Therefore, a discussion needs to be had about the role of blasphemy in western societies. My view is that blasphemy itself needs to become as taboo to proclaim as the contents of blasphemous views currently are to the religious; just as we now wince at the n-word and frown on anyone who drinks and drives, so we should come to find bizarre anyone taking blasphemy seriously. Ramdani should be embarrassed to suggest that blasphemy is a good reason to curtail publication in a free press. Sadly this is far from being the case at the moment, when many countries still have blasphemy on the statute books.


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Thursday, 8 January 2015

Blasphemy must be Normalised


Below is a good discussion between Douglas Murray and Maajid Nawaz. Murray says:
...the gunmen went in to assert Islamic blasphemy laws in a European city on twelve people in the office of Charlie Hebdo... to enforce a particular idea of blasphemy law.
If nothing else is clear, that surely is. This is not to say that global politics has not played its part in fomenting disaffection amongst Muslims in the world, but it is to make clear the proximate cause of the atrocity; if Charlie Hebdo had never committed blasphemy against the prophet, they would not have been targeted.

I have often puzzled at theists, and not a few atheists, who complain about those who ridicule religion. Theists consider their gods sacred, and, finding them empirically indistinguishable from imaginary friends, resort to high dudgeon in defence of their beliefs. An excellent tactic for the ambitious authoritarian belief system is to invoke horrendous punishment for any questioning of what they can't prove empirically.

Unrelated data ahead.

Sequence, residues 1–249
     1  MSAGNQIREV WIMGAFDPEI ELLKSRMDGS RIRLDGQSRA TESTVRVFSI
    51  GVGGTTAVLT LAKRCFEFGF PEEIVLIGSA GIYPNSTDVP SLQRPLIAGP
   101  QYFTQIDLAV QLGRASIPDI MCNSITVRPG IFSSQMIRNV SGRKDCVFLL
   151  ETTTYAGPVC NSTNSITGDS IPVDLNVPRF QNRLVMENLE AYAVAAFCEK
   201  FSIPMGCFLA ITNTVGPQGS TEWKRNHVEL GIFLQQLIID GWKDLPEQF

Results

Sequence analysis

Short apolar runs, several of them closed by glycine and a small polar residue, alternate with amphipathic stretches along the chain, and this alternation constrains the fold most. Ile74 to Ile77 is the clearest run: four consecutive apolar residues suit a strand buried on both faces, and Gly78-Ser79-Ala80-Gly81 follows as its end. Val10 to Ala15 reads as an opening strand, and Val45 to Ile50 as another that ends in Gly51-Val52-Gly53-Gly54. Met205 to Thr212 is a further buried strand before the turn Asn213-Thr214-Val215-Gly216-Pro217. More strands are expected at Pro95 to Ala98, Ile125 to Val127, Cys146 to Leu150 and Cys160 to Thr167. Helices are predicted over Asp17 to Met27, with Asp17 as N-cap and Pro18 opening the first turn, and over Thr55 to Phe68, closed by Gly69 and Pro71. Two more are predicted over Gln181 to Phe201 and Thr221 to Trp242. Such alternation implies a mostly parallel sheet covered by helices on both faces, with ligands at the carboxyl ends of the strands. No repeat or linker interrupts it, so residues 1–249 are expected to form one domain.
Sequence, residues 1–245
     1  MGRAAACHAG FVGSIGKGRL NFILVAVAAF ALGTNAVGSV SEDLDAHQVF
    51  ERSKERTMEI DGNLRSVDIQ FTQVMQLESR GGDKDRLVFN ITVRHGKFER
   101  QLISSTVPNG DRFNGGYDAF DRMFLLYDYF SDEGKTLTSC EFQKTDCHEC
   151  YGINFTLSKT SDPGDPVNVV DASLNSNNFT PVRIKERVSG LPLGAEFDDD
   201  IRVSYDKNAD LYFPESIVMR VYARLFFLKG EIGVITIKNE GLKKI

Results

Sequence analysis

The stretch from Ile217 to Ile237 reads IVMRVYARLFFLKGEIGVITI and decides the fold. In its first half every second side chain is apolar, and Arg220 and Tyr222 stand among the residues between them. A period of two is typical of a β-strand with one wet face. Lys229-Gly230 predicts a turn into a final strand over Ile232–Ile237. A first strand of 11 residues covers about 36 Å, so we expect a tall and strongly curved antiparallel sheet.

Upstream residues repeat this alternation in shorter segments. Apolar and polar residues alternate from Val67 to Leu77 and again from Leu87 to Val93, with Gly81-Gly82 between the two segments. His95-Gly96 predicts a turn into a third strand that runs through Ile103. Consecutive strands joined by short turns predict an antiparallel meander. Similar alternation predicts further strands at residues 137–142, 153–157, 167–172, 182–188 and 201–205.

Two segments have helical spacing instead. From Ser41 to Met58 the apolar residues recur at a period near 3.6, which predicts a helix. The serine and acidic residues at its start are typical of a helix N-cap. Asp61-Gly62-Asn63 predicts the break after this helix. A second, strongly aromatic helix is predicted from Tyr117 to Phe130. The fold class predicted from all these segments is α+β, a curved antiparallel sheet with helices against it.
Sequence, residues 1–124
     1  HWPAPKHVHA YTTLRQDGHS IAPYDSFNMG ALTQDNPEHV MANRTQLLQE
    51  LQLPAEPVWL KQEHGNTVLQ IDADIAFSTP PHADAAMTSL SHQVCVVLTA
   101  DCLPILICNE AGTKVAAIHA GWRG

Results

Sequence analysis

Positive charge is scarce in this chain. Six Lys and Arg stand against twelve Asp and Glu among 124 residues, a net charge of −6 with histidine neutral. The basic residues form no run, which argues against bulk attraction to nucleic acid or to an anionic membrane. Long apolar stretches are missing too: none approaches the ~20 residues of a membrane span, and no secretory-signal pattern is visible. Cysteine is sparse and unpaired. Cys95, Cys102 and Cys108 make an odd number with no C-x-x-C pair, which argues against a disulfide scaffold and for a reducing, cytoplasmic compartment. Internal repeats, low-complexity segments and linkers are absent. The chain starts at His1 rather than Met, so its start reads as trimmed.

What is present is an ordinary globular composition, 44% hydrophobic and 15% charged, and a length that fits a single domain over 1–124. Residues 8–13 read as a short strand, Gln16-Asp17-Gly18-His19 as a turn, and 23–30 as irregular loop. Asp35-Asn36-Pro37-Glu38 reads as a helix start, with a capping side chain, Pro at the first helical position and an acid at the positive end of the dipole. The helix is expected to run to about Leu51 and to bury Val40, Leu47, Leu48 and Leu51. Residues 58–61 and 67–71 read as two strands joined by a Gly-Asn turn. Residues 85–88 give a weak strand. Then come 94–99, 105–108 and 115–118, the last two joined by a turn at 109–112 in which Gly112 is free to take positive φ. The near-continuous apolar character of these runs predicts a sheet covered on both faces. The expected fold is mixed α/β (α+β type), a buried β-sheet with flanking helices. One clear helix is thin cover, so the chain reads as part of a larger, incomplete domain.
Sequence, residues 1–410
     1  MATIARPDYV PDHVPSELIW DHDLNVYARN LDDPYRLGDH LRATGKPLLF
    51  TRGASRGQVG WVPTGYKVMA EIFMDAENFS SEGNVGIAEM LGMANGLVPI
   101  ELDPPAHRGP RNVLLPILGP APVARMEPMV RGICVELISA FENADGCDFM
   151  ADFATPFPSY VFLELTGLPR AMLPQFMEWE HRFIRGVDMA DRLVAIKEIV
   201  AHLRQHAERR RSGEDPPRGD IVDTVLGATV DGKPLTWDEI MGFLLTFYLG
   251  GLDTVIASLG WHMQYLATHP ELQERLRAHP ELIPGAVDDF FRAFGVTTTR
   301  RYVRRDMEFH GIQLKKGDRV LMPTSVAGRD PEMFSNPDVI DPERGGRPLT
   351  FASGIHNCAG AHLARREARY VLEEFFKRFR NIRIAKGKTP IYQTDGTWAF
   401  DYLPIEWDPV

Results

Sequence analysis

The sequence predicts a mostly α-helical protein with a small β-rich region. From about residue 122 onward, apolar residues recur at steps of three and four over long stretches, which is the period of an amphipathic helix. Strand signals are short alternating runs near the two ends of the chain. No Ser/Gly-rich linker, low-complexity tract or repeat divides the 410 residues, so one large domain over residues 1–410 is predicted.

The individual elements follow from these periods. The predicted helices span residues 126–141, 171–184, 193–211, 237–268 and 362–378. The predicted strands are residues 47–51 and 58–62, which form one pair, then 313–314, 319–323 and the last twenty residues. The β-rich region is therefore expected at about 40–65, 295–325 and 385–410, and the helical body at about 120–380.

But ridicule is a perfectly normal part of social interaction. It can go too far, that much is true, but its power is in its debunking of authority. Bogus authority needs something to raise its balloon, so it can climb in the basket and look down on us, and hot air and pomposity do just the job. Ridicule punctures that balloon of pomposity to release the hot air, and since religions are amongst the most pompous institutions in the world, it is often an appropriate response to their teachings. Rather than grounds for ring-fencing religion, I see grounds for exposing it to more ridicule than other institutions.

I'm glad to see this sentiment in some responses to Charlie Hebdo. Here is Kenan Malik:
To ridicule religion and to defend free expression is not to attack minority communities. On the contrary: without doing both it is impossible to defend the freedoms of Muslims or of any one else. So, yes, let us challenge the Islamists and the reactionaries within Muslim communities. Let us also challenge the anti-Muslim reactionaries. But equally let us call the fake liberals to account.
And another excellent article by Stephen Law, who articulates my own feelings well: